In 3 1/2 hours the Giants went from king of the NFC wild cards to "Oh, my god, we could be out of the playoffs." At this point in the season, after New York's surprising loss to the Redskins at the Meadowlands on Sunday night, you no longer shake your head and ask how the Giants could do the things they do—and why. You just accept their split personality and try to figure out which Giants will show up for the next game.
New York's 9--5 record still looks pretty good compared with the other NFC wild-card hopefuls—Minnesota (8--6), New Orleans (7--7), Washington (7--7)—at this stage, but in two weeks it easily could be 9--7, and each of those three clubs would have the tiebreaker edge on New York. I wouldn't want to be anywhere near Buffalo in December, let alone try to play football there, but that will be Step 1 for the Giants this Sunday. Step 2 will be historic, if the Patriots get by the Dolphins, because New York would be New England's last obstacle to 16--0. For now, Buffalo is enough for the Giants to worry about.
Eli Manning (above) was getting a lot of zip on the ball as he put together his remarkable total of 34 incompletions against the Redskins. But I counted eight drops by his receivers. Coming out of those icy winds, his fastball must have felt like a rock as it hit unprotected hands. I look for more drops at Buffalo, and I'll take the Bills in a low-scorer.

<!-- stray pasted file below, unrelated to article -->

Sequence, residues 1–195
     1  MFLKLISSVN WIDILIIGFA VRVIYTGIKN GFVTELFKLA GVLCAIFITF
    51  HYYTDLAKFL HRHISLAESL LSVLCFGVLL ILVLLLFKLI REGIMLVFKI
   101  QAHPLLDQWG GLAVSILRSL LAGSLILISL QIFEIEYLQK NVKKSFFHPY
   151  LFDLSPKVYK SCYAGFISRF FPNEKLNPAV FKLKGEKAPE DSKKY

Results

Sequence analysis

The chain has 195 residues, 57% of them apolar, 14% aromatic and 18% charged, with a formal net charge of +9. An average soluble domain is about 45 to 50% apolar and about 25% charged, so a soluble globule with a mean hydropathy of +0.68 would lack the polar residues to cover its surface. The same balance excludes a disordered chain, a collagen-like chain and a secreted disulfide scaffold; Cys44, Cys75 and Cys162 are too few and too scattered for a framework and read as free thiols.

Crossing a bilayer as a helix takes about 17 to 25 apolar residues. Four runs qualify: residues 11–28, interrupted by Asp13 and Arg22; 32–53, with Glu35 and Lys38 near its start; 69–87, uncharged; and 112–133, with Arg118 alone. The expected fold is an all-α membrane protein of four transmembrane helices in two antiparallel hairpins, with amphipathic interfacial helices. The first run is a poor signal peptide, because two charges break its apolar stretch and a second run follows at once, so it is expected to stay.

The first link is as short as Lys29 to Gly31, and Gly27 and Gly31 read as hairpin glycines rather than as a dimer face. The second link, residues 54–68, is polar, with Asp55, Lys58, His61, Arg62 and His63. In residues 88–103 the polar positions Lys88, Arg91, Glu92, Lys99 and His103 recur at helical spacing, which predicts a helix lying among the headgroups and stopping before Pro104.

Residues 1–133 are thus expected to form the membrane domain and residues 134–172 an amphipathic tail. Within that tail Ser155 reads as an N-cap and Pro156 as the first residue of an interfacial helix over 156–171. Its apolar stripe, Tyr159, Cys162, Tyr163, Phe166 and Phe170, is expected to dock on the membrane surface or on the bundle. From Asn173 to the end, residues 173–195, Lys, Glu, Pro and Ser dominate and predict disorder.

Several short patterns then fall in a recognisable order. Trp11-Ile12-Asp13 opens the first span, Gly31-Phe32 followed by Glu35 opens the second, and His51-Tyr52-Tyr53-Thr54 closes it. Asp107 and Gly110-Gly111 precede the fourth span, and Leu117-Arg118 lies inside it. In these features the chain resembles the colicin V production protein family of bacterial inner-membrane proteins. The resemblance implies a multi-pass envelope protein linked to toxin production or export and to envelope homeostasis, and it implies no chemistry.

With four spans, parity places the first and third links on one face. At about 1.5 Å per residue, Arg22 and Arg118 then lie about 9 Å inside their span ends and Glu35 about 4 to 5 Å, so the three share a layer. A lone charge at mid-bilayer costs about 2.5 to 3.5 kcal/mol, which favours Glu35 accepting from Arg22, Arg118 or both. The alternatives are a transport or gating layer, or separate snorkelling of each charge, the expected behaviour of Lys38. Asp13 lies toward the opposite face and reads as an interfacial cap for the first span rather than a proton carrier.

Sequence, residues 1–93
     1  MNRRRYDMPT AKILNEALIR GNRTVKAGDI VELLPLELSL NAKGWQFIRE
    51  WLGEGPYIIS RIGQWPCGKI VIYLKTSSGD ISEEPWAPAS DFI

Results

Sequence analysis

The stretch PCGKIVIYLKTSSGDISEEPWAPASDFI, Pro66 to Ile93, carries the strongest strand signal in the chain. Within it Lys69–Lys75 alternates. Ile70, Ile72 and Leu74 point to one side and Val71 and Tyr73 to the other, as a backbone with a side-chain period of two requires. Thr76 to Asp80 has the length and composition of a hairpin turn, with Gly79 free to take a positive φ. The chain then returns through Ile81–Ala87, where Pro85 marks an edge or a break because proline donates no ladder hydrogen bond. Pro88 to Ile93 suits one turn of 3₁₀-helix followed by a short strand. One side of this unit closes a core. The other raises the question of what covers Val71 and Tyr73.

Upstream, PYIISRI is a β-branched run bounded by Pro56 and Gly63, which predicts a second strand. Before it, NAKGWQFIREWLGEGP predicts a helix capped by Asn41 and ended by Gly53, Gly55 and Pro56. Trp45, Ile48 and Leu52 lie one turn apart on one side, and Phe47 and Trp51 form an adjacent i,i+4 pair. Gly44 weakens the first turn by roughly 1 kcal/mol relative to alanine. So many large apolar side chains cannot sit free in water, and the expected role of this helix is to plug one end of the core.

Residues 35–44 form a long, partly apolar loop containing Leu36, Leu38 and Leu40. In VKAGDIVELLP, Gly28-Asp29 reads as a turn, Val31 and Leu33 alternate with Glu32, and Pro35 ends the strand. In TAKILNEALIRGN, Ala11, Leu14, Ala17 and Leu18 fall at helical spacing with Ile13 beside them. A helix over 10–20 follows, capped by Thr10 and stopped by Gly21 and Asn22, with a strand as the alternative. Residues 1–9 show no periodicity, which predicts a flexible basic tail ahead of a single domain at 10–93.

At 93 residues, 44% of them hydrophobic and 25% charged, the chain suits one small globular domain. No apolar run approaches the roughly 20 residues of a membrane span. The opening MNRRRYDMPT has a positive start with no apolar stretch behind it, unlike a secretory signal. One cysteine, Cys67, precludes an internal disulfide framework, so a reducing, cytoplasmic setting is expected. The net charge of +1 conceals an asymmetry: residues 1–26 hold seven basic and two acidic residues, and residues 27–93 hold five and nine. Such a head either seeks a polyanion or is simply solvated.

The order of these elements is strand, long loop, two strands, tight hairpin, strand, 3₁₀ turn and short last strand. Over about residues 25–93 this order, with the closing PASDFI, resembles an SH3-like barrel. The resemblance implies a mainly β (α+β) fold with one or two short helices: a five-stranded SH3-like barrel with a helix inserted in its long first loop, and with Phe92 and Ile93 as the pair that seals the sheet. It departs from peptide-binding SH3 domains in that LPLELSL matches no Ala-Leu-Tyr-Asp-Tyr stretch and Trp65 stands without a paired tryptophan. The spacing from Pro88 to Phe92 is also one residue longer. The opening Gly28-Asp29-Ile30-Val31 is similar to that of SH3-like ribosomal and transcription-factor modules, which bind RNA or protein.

This late in the season it's hard to find games that have impact, but Washington at Minnesota has direct bearing on the wild card. Normally I'd like the Skins after their sturdy showing against the Giants, but ... ah, I might as well trust my instincts and go for it: Washington's the pick. And in the other NFC game of significance, Saints over Philly in a repeat of last year's divisional playoff matchup.
Last week 3--3
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